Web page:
Friday October 18, 2019

Paralysis Causing Illness In Children Baffles Doctors

Parents are urged to have their children take basic precautions, such as washing hands and using insect spray to ward off mosquito bites.

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Children inspect a Blue Morpho butterfly at the American Museum of Natural History in New York, Oct. 3, 2018. Little is known about acute flaccid myelitis, but it is known that more than 90 percent of the confirmed cases are in children 18 years old or younger. The average age of patients is 4.. VOA

Federal and state health officials are baffled by a mysterious and rare illness that seems to target children, causing paralysis.

As of Tuesday, 62 cases of what doctors are calling acute flaccid myelitis have been confirmed in 22 states. Sixty-five suspected cases are being investigated.

“There is a lot we don’t know about AFM and I am frustrated that despite all of our efforts, we haven’t been able to identify the cause of this mystery illness,” Nancy Messonnier, a top official at the Centers for Disease Control, said Tuesday.

What is known about the illness is that more than 90 percent of the confirmed cases are in children 18 years old or younger. The average age of patients is 4.

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But what is particularly confounding doctors is that the number of cases spikes only every other year. Pixabay

Victims generally suffer from muscle weakness and some paralysis of the face, neck, back, arms and legs. The paralysis sets in about a week after the children have come down with fever and respiratory illness.

There is no specific treatment, and most of the victims recover. But the long-term effects are still unknown.

Messonnier called it a “pretty dramatic disease.”

Health experts have ruled out some causes, including poliovirus and West Nile virus.

But what is particularly confounding doctors is that the number of cases spikes only every other year — with larger numbers in 2014, 2016 and this year — and fewer cases in 2015 and 2017.

Also Read: The Woe’s Of Indonesian Children

Parents are urged to have their children take basic precautions, such as washing hands and using insect spray to ward off mosquito bites. Doctors are also urging that vaccines be kept up to date.

Any child experiencing weakness or loss of muscle tone in the arms and legs should be examined immediately. (VOA)

Next Story

Heavier Babies are More Prone to Childhood Allergies: Research

For the study, published in the Journal of Allergy and Clinical Immunology, the research team carried out a systematic review assessing past studies in humans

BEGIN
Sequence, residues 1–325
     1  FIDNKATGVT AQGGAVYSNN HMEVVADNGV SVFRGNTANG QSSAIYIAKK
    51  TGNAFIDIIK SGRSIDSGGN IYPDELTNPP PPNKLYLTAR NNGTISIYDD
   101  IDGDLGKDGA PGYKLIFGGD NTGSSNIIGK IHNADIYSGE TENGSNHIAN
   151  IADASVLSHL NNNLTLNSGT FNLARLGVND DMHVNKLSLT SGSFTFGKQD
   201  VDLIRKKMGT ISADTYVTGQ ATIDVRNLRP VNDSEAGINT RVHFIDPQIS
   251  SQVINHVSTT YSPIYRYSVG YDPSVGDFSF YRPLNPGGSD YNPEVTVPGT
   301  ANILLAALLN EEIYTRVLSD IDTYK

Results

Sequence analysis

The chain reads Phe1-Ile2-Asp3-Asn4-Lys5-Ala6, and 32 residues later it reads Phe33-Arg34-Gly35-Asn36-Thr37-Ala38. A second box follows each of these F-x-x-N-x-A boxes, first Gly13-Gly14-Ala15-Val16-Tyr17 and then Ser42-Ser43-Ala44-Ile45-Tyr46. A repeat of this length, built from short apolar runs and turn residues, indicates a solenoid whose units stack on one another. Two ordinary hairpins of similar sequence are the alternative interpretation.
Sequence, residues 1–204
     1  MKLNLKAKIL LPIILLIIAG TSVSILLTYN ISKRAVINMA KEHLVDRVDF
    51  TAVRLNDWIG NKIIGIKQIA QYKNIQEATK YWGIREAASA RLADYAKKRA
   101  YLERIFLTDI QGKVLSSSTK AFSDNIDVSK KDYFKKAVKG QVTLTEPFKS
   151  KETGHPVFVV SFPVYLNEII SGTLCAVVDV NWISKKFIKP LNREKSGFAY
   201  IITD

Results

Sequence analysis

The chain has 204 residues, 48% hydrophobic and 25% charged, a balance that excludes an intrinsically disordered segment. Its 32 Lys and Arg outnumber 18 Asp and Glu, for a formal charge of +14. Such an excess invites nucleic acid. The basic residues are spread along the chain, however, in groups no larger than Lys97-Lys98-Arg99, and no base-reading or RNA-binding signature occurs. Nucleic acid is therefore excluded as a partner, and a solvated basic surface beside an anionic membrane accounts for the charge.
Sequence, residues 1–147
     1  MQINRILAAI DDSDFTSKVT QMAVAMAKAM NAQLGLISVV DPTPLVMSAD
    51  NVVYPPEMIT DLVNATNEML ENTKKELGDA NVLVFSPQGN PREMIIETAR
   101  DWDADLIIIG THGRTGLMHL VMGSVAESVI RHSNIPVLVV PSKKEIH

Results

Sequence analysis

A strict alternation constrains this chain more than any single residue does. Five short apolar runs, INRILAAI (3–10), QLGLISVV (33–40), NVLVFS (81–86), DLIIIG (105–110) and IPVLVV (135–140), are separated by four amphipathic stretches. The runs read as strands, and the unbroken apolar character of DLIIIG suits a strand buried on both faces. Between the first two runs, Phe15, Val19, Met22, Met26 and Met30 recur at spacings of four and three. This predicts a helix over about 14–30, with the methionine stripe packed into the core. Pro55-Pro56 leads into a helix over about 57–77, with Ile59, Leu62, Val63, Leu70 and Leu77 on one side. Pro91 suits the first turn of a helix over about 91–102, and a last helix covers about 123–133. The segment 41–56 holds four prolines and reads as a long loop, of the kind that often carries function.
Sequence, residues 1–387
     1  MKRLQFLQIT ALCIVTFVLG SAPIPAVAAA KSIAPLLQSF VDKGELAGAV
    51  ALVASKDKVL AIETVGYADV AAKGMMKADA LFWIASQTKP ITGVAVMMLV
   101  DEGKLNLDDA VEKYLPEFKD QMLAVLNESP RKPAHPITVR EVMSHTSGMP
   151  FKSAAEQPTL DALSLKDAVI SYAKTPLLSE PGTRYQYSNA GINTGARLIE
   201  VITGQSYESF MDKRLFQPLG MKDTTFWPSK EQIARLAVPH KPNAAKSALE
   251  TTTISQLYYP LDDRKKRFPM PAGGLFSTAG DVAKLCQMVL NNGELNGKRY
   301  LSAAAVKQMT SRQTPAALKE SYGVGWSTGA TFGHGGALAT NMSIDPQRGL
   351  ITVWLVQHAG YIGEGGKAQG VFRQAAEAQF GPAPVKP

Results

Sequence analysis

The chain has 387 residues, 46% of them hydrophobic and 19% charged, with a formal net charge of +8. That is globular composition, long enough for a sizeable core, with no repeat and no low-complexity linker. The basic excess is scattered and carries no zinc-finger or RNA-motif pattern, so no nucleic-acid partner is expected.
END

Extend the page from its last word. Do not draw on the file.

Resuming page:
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For each kilogram increase in birth weight of Babies, there was a 44 per cent increase in the risk that a child had food allergies or a 17 per cent increase in the risk that they had eczema. Pixabay

Parents, take note. Researchers have found that heavier babies are more likely to suffer childhood food allergies or eczema.

For the study, published in the Journal of Allergy and Clinical Immunology, the research team carried out a systematic review assessing past studies in humans.

After screening more than 15,000 studies, they identified 42 that included data on more than two million allergy sufferers.

“We analysed the associations between birth weight, corrected for gestational age, and the incidence of allergic diseases in children and adults,” said Kathy Gatford from the University of Adelaide in Australia.

“For each kilogram increase in birth weight there was a 44 per cent increase in the risk that a child had food allergies or a 17 per cent increase in the risk that they had eczema,” Gatford said.

According to the researchers, they analysed studies that included over 2.1 million people affected by allergic dermatitis, commonly known as eczema, nearly 70,000 people affected by food allergies and over 100,000 people with allergic rhinitis or hay fever.

Most of the studies were in children from developed countries and most were European.

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Study Says that heavier Babies are more likely to suffer childhood food allergies or eczema. Pixabay

“Allergic diseases including eczema, hay fever, food allergies, anaphylaxis and asthma are estimated to affect 30-40 per cent of the world’s population,” Gatford said..

“It is increasingly clear that genetics alone do not explain risks of developing allergies, and that environmental exposures before and around birth can programme individuals to increased or decreased risk of allergies,” Gatford added.

ALSO READ: Cow Numbers in India Witnesses a Sharp Increase Since 2012

Most of the allergies in these studies were assessed in young children. (IANS)